July 17-20, 2016
Arriving in Singapore
Tired from an early morning and two flights (Lombok to Jakarta and Jakarta to Singapore), we didn't take advantage of exploring Singapore's airport as much as we probably should have. Singapore's Changi Airport has been ranked as the best airport in the world for the last four years.
Getting to the city was super convenient, the MRT subway line runs directly from the airport. What was not as convenient however, was having to wait to eat my snack until getting off at our stop. Eating on the subway will land you a $500 fine- drinking, smoking and durians are also not permitted on the subway. A few of the other quirky rules governing Singaporeans include penalties for not flushing the toilet, smoking in public, chewing/selling gum and walking around your house naked. One particularly troubling law is that against homosexuality, though it's generally not enforced.
Stepping off of the subway, we noticed two things immediately: Singapore was impeccably clean and uber expensive. Fortunately we found a way to be savvy and stayed two nights with Maarten, a kind Belgian guy living and working in Singapore. Prior to moving to Singapore he worked in Hong Kong and India. We met him at his fantastic apartment complex complete with gym and swimming pools (yes pool(s), 3 to be exact).
Maarten was the perfect tour guide and acquainted us with Singapore. He took us for dinner in China town, the oldest area of the city, then showed us around Marina Bay. The Marina Bay area is built on reclaimed land in an effort to expand the city. We concluded our evening with dessert and live music in an elective graffiti-ed alley.
We look forward to hosting couch surfers when we get back to the states so we can return the favor.
Despite its small size, Singapore is home to many diverse ethnic communities. The primary groups being Chinese, Malay, Indians and expats. Chinese are the largest group making up almost 75% of the country's population.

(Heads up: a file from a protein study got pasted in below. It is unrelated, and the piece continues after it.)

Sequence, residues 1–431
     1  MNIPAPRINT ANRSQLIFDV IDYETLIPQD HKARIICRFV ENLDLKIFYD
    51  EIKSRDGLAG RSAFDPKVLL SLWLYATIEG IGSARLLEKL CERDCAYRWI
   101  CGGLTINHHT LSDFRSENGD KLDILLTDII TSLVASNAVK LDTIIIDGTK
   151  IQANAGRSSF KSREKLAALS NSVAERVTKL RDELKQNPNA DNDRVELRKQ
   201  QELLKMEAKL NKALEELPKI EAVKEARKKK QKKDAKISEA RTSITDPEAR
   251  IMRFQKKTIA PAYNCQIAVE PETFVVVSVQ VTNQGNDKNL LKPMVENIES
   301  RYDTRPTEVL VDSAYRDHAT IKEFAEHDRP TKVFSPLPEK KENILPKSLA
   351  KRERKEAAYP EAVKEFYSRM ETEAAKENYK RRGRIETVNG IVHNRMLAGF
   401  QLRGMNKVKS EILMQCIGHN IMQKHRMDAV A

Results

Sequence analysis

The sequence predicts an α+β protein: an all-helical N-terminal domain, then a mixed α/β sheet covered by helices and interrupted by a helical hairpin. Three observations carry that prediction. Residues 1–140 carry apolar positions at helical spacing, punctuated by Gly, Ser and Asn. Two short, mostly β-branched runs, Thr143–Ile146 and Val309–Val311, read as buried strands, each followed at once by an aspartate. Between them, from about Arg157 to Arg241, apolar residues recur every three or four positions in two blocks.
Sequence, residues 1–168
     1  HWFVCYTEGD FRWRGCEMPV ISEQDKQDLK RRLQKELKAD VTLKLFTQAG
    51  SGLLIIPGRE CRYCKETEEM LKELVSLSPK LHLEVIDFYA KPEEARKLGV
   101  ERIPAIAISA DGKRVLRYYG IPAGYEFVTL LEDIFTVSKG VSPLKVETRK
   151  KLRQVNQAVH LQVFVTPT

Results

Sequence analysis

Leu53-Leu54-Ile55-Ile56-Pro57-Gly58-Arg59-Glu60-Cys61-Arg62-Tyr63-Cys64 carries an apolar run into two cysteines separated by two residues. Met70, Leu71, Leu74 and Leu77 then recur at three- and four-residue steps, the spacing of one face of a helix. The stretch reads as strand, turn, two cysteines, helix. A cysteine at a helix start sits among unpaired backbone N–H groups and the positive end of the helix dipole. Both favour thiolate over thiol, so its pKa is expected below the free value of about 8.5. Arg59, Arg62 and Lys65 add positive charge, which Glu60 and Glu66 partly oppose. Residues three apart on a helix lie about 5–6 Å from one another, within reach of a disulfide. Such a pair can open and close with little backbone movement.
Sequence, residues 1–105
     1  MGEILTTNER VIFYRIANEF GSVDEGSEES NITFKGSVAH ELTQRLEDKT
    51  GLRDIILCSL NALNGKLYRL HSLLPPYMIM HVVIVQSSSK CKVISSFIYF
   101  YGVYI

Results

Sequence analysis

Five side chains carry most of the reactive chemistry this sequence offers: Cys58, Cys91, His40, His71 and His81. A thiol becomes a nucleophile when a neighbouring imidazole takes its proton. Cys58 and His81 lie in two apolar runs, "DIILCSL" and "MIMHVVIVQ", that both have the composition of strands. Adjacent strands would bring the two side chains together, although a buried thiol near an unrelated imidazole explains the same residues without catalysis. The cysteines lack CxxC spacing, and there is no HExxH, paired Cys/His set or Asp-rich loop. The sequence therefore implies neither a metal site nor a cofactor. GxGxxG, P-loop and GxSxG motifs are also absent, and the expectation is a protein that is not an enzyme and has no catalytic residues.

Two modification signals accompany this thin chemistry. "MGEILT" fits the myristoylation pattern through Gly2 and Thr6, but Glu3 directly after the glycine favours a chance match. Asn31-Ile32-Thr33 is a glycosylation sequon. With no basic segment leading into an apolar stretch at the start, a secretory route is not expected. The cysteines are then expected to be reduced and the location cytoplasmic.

On our second day in the city we explored two of these pockets of ethnic communities- Little India and the Arab Quarter. Little India was moderately reminiscent of India- though incredibly subdued. It's what India would be like it if was quiet, unpolluted and empty. Shops sold Indian products, foods, and pastries all at set Singapore prices. (We did managed to negotiate for a phone case though and knocked a few dollars off of the price, ha!) We fed our nostalgia for Indian food and ordered some chana masala and tandori roti for lunch. Spicy and delicious! What surprised us the most about Little India was how quiet it was. A handful of shops were closed and there were not many pedestrians about. Perhaps this is because it was in the middle of the day during the work week. But we have noticed many other areas of the city to be quiet as well. Despite the country's population of almost 6 million, in country only 4 times the size of Washington DC, many areas felt empty.
The Arab Quarter of town sold rich colorful textiles, yummy food and the occasional Turkish pastry, my favorite! We walked down "Arab Street" which terminates at the ornate Masjid Sultan Mosque.
From Arab Street it was a quick walk to the Bugis area of town. There we found some trendy and over-the-top shops selling items like selfie coffee, where you essentially drink your own face from the foam atop your coffee. Superfluous or quirky and cool?
Staying in China Town
The hostel we booked through booking.com could not have been in a better location. Maple Lodge was located in the heart of China Town just steps away from subway. In China town we marveled at the food. Oh the food; our favorite part of travel. Everywhere we looked new and exciting treats enticed us, beckoning us to try them.
If you look past the shops selling junk, souvenirs and trinkets, you can find countless cheap outdoor eats, especially clustered around the subway stations. All types of stuffed buns, bubble tea's, soups, coffees, noodles, rice- you can find it all and more!
In China Town we discovered two interesting products: edible birds nests and Bak kwa (or bakkwa). We had seen birds nest around town included in soups and drinks but did not think that it was actually real bird's nest, but it is! These nests are made from the spit of the small swiftlet birds. Some researched revealed that edible bird's nest are a delicacy in Chinese cuisine and said to have many health benefits.